I’ve been thinking a lot about nuance lately. I feel that it is the absence of care towards nuance that has fundamentally changed the nature of media circulation. Without nuance, there is little room for clarity or debate, and the absence of nuance results in over-inflated summaries that force people to make simplified claims about how things are. It’s a lack of nuance that forces people to take sides and say “I’m right and you’re wrong” without fully examining the logic behind each person’s discussion.
We see this all the time in the news. Half-truths turn into trending stories or facts that are published out of or without context.
Yet, understanding nuance is how we function productively together. It’s how we come to understand and negotiate views about the world. Let’s take three examples of how this came up in my life recently, starting with something on the lighter end: Smarter Every Day.
I was watching Smarter Every Day on Youtube and discovered an episode about disinformation on Reddit. I really enjoyed the way Destin discussed the problems online media platforms face with trolls in discussions. Most notable is his discussion about how everyday users can help change the outcomes of trolling behavior. Destin calls them things that are “toxic to trolls”. His main suggestion? Love (and Nuance). Trolls love to make simplified claims, but if you can offer more nuance and compassion, that can help shut down trolls and improve the conversation.
In this sense, being kind and loving is taking compassion to see the other side, to appreciate someone else’s opinion, and to acknowledge and question their statements without initially harsh criticism.
The second experience of nuance I had this week Facebook.
I’m getting a little deeper here as I talk about my current employer. Before starting my internship, I thought I had a pretty good view of Facebook Ads and what I thought was wrong with the whole business. But after working on the team and seeing the impact Facebook has on small businesses (especially during a pandemic where stores are shutting down left and right), my perception of facebook’s business platform changed quite a bit.
Does Facebook still have major problems to address? Ofcourse. Do I agree with everything Facebook is doing? Absolutely not. But I now see the nuance in the conversations about Facebook. I am more closely aware of all of the benefits Facebook provides to people and the negative impacts it can have on communities as well.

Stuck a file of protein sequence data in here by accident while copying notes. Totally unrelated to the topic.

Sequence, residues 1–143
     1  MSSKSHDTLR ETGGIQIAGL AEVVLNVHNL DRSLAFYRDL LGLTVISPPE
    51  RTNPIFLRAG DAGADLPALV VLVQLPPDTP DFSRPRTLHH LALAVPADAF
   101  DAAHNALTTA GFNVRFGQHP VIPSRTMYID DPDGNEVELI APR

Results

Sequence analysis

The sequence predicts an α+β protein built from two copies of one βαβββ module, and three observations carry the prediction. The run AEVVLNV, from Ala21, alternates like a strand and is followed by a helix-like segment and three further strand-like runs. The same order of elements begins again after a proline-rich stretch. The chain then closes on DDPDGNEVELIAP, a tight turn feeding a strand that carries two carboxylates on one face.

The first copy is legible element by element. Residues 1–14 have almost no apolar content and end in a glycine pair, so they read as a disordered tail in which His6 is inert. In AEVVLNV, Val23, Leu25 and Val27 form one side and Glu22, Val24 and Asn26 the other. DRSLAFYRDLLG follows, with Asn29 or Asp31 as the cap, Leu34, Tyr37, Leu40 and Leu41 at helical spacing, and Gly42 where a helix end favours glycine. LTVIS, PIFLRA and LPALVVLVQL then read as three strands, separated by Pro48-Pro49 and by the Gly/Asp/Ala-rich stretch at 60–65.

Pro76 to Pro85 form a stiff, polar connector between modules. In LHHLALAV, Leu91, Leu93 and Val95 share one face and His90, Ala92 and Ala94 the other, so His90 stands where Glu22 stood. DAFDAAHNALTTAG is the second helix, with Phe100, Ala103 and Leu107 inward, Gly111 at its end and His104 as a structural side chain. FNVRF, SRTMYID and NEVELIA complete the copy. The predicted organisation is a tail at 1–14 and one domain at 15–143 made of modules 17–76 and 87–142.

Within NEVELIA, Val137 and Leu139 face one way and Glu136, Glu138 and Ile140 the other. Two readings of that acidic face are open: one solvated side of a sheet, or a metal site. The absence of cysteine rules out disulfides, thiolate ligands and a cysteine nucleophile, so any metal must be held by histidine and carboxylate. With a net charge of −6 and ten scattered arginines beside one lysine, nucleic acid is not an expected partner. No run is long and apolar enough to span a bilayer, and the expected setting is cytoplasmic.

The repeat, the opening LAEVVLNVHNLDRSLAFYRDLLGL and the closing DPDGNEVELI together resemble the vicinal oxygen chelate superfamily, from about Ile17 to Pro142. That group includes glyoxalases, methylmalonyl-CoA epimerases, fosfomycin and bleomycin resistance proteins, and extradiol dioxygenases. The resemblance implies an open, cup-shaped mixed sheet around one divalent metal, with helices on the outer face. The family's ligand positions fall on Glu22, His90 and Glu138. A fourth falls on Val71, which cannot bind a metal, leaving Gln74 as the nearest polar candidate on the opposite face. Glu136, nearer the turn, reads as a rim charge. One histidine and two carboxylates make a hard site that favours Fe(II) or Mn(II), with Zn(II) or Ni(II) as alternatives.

I also know this kind of nuance from my experience with Congress. Hating on an institution without knowing the realities of the institution can lead to problematic conclusions. Nuance offers clarity of the good and bad. If you can’t relate to their perspectives and find understanding, then there is little you can do to help change them for the better.
The third is nuance of the week is grad school.
We’re going through a big transition right now in my department with a lot of issues bubbling up on the surface. The pandemic has made it very clear that there are systemic inequalities to students, especially grad students.
We don’t have a living wage, we lack departmental support, there are racial biases seeped into all parts of academic research, and there are problems of discrimination across labs and advisors. It’s unacceptable.
The problems is that all these problems are being thrown up at once and the demands of many students are very compassionate, non-negotiating, and often wrapped up too many ideas at once without room for nuance.
Here’s an example. There was a petition that went around to address problems of racism on campus. I fully support these issues and firmly believe there is way more that needs to be done to address racism on campus. Period. However, the petition that was being pushed around had a final demand at the bottom – eradicate the police. That caused me to pause for a moment. The public petition left me in a tight spot. Do I sign something that I support nearly 100%, but disagree with on one section? I absolutely support defunding the police, but given some horrifying experiences of my own, I do not support eradicating police from college campuses. And yet, that petition was all that was available.
This happened again recently where I was asked to sign something that included a statement that graduate students should attend all faculty meetings. This felt a little surveillant and intrusive to me – as I think there’s a time and place for important private conversations. As I see in Congress, things that become more public often don’t clear things up, they push discussions further into the shadows. I don’t want the same to happen to faculty discussions either.
Despite this, if you were to judge me based on these two petitions, it would look like I don’t support either because I didn’t sign them. But I do. I support 90% of what’s on both petitions. But a signature doesn’t allow for nuance and that kind of sucks.
Ok, I’ll give one last example from this week, my foster kid. I have been a CASA for over three years now. My current kid is going through a LOT and has recently moved to a new home with a fresh pair of foster parents. They don’t know her history and as a result, they don’t understand the root cause of a lot of her actions. Without that understanding and nuance of why she acts a certain way, it doesn’t make sense to them and they were upset and angry as a result of it. But once you understand, it makes so much sense. There is an underlying logic to her behavior based on her history, the people that have influenced her, and the incentives placed in front of her. It sucks, but once you empathize you can understand and meet her where she is.
All in all, it takes time, compassion, and a need to truly understand to be able to relate and fully comprehend the logic behind others’ actions and behaviors. We need more nuance, empathy, and trust. Only then do I feel we can confront the polarization that others have created for us.